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When I started the MVVMKit project I had few goals in mind based on observations of real life applications. While each application deals with a specific domain model they seem to use certain constructions or patterns.

One of these patterns is field key(s) and data value(s) attached to it. In MVVMKit I call this construction a DataContext and its main goal is to link one or more fields with a data value. We’ll see that this value can be a simple data type or complex data type depending on application.

Another pattern that I noticed is the need to detect changes in a DataContext between an initial value and a current value. This needs to work with any type of values in DataContext so to make things easier I wrote a number of utilities that compare .net classes and .net collection. These utilities are located in the MagnaImagina.Utilities library.

Transactional support in DataContextis is another patter often seen in many applications. This means that we should be able to programmatically commit or rollback changes in DataContext, more like a Save or Cancel in a dialog box. This often times is implemented by each application and I felt that providing this feature in DataContext will greatly reduce the coding needs. Again, this should work on any data type and collections.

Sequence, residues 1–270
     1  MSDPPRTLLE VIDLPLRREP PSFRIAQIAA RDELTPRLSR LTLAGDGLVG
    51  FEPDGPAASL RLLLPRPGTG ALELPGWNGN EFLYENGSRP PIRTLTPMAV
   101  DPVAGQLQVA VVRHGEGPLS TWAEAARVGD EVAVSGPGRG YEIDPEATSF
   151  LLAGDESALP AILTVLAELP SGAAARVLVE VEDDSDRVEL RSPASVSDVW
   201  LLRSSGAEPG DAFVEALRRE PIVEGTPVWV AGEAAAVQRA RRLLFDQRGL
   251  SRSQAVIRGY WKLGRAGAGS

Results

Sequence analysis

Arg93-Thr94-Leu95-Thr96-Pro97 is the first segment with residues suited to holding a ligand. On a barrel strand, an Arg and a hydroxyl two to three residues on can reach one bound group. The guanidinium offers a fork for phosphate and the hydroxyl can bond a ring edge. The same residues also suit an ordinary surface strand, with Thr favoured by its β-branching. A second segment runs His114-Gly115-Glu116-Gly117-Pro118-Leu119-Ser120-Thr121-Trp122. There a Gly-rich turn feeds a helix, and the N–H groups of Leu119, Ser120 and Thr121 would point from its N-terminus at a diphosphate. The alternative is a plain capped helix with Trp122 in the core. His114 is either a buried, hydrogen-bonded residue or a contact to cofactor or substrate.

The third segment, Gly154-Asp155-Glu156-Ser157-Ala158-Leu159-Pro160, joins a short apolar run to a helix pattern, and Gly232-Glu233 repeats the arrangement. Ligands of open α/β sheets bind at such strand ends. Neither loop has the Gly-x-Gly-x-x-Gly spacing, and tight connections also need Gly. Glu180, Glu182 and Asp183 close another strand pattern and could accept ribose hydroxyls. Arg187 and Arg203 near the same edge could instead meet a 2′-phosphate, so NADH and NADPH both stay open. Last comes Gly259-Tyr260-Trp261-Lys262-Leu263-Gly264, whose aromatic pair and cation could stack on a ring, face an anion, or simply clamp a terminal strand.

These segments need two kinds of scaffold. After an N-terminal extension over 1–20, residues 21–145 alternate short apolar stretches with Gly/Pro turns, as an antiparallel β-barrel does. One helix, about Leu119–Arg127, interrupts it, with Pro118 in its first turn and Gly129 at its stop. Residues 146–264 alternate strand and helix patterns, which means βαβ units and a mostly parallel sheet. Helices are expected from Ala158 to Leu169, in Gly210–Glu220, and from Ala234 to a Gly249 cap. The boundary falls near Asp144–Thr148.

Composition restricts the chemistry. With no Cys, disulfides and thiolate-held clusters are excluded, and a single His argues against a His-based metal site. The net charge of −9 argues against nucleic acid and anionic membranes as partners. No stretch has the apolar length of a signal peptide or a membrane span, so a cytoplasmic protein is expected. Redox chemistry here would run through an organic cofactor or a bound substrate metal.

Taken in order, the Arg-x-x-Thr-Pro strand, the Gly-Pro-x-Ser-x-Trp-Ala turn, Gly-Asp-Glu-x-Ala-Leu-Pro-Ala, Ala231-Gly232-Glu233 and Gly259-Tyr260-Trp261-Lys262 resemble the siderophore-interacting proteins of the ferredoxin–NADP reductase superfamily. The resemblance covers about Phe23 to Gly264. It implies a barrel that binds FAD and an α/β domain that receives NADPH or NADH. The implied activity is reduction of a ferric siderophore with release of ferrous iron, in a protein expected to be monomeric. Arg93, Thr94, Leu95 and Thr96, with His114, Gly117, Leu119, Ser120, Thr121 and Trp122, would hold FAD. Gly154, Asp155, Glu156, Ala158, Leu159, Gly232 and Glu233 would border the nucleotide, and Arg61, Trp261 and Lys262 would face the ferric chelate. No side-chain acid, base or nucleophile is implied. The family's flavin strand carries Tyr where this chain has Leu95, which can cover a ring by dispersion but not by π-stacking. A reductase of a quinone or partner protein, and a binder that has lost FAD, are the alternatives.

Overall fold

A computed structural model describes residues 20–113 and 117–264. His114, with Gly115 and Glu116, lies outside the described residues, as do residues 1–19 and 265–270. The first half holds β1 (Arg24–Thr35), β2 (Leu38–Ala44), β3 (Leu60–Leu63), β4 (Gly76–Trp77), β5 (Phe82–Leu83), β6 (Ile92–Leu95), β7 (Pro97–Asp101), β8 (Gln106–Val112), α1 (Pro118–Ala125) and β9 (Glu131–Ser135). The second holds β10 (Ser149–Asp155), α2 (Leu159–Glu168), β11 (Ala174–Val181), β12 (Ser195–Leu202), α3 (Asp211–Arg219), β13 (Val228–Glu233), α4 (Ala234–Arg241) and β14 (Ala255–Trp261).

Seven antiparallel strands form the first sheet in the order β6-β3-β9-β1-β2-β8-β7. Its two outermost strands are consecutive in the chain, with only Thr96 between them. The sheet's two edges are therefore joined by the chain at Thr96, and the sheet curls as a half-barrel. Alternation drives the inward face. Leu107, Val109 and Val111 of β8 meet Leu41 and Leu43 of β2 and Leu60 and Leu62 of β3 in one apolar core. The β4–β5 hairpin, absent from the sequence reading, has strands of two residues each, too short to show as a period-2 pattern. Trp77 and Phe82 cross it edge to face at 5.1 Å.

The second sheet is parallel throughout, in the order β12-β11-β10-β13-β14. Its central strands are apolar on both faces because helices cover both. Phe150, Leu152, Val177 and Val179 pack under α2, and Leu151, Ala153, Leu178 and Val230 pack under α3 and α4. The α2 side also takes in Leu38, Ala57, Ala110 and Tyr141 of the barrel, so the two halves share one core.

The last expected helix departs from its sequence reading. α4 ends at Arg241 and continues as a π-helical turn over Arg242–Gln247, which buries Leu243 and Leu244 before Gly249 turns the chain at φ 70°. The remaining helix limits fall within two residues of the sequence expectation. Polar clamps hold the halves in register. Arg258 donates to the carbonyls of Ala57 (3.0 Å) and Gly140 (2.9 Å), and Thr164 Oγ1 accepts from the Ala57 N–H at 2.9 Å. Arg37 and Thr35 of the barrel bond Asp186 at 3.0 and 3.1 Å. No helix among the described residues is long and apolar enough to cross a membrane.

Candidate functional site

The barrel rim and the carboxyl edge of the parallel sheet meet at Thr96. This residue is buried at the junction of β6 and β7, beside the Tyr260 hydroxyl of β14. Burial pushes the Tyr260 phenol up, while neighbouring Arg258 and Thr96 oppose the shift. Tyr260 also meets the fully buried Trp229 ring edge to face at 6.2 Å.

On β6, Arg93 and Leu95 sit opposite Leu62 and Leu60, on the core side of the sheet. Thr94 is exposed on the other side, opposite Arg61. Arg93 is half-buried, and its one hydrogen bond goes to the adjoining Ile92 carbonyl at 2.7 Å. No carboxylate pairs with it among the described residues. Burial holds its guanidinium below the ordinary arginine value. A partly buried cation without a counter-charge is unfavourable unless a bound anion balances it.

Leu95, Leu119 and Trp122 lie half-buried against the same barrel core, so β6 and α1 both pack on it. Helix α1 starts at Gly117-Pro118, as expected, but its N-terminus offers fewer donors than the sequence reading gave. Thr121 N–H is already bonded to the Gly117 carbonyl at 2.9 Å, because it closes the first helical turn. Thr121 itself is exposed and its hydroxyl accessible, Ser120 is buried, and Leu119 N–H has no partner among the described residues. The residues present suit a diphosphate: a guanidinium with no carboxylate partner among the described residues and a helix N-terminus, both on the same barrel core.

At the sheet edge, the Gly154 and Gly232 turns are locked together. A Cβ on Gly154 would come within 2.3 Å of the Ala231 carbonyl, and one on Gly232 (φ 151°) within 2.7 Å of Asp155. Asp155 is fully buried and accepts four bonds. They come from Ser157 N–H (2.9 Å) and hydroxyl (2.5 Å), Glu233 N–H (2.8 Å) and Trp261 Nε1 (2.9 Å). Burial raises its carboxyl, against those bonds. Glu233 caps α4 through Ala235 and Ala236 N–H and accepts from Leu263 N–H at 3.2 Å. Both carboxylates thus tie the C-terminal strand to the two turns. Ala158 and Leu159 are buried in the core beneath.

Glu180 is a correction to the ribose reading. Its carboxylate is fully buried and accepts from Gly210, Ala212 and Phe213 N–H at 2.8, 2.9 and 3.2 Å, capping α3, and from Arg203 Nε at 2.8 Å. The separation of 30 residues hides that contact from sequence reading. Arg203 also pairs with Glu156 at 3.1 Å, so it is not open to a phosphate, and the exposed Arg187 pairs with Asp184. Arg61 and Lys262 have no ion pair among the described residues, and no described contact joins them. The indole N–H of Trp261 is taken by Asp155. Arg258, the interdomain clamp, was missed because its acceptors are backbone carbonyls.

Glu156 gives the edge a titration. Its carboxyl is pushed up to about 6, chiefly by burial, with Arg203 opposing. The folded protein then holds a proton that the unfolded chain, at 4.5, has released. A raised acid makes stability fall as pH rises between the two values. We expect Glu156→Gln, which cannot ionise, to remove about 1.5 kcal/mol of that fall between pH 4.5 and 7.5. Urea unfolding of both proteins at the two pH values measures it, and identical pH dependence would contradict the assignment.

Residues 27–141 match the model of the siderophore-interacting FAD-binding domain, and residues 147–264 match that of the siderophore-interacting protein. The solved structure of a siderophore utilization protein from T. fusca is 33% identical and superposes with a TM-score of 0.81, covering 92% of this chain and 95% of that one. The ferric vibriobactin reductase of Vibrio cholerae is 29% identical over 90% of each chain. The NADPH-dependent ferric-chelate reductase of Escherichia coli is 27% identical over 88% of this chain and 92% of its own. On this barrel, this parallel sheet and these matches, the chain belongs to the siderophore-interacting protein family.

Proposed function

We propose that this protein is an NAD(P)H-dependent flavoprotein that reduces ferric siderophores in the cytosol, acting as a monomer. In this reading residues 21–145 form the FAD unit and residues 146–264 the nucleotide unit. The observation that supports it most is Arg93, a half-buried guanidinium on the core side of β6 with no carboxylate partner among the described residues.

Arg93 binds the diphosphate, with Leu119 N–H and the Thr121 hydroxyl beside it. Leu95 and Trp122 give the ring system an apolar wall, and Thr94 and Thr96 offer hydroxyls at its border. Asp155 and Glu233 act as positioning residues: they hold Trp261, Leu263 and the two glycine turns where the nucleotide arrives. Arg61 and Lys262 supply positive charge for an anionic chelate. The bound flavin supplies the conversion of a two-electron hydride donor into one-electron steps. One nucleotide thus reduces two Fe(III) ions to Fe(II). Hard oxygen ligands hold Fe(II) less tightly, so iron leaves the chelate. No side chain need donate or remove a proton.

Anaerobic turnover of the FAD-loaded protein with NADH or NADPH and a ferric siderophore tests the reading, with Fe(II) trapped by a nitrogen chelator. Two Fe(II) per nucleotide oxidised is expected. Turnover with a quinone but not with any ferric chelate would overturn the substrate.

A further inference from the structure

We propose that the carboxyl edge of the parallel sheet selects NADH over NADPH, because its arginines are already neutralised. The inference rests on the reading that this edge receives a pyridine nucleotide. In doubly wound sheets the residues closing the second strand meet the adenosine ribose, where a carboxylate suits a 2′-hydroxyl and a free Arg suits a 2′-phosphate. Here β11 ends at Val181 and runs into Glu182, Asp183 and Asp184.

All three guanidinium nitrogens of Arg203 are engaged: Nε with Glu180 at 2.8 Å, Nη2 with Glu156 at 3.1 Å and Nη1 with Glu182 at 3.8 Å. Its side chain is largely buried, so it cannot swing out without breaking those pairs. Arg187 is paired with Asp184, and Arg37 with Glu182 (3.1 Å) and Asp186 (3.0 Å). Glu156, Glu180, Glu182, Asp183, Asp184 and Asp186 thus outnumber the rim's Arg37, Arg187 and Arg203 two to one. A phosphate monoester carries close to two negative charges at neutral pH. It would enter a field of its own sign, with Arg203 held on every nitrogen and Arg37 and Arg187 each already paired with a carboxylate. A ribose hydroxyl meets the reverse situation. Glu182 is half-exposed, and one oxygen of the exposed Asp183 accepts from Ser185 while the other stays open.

Handling data validation is another must have in most business applications. Now, WPF has a lot of built in support for this requirements but a well architected application (mostly enterprise level apps) have all the validation built in a rules engine. This means that the DataContext must be able to “receive” validation messages/errors from an outside entity and then WPF will take care of displaying them to the users.

Another important aspect of any MVVM application is communication between view models. For this I created a very simple MessageAggregator much like the one in Prism and other frameworks. The implementation is very simple but works for most scenarios.

Lastly, dealing with commands is another core aspect of MVVM. MVVMKit contains few options for creating ICommand implementations using either the RelayCommand or deriving new classes from CommandBase class. Also transforming certain UI events into commands is a very useful and for that I created EventToCommand.

More details and code examples will be included in the full documentation document coming soon.

Last edited Dec 15, 2010 at 1:09 AM by magnaimagina, version 1


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